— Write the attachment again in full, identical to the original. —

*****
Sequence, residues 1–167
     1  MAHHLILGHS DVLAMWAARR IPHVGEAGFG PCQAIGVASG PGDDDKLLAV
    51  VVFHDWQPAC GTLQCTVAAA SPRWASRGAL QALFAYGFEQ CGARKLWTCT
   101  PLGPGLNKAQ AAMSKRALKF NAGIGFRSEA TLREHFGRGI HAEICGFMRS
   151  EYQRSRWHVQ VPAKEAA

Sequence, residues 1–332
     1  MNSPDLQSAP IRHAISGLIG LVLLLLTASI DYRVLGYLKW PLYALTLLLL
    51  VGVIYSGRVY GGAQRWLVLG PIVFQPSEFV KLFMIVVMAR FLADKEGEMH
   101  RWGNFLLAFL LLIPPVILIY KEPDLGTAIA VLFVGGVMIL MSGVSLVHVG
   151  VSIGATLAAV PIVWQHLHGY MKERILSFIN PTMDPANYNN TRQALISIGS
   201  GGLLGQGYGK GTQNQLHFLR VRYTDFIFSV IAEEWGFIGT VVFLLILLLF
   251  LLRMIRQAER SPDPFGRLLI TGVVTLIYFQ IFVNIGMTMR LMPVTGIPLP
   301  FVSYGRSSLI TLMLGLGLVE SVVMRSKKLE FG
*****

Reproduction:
Sequence, residues 1–167
     1  MAHHLILGHS DVLAMWAARR IPHVGEAGFG PCQAIGVASG PGDDDKLLAV
    51  VVFHDWQPAC GTLQCTVAAA SPRWASRGAL QALFAYGFEQ CGARKLWTCT
   101  PLGPGLNKAQ AAMSKRALKF NAGIGFRSEA TLREHFGRGI HAEICGFMRS
   151  EYQRSRWHVQ VPAKEAA

Sequence, residues 1–332
     1  MNSPDLQSAP IRHAISGLIG LVLLLLTASI DYRVLGYLKW PLYALTLLLL
    51  VGVIYSGRVY GGAQRWLVLG PIVFQPSEFV KLFMIVVMAR FLADKEGEMH
   101  RWGNFLLAFL LLIPPVILIY KEPDLGTAIA VLFVGGVMIL MSGVSLVHVG
   151  VSIGATLAAV PIVWQHLHGY MKERILSFIN PTMDPANYNN TRQALISIGS
   201  GGLLGQGYGK GTQNQLHFLR VRYTDFIFSV IAEEWGFIGT VVFLLILLLF
   251  LLRMIRQAER SPDPFGRLLI TGVVTLIYFQ IFVNIGMTMR LMPVTGIPLP
   301  FVSYGRSSLI TLMLGLGLVE SVVMRSKKLE FG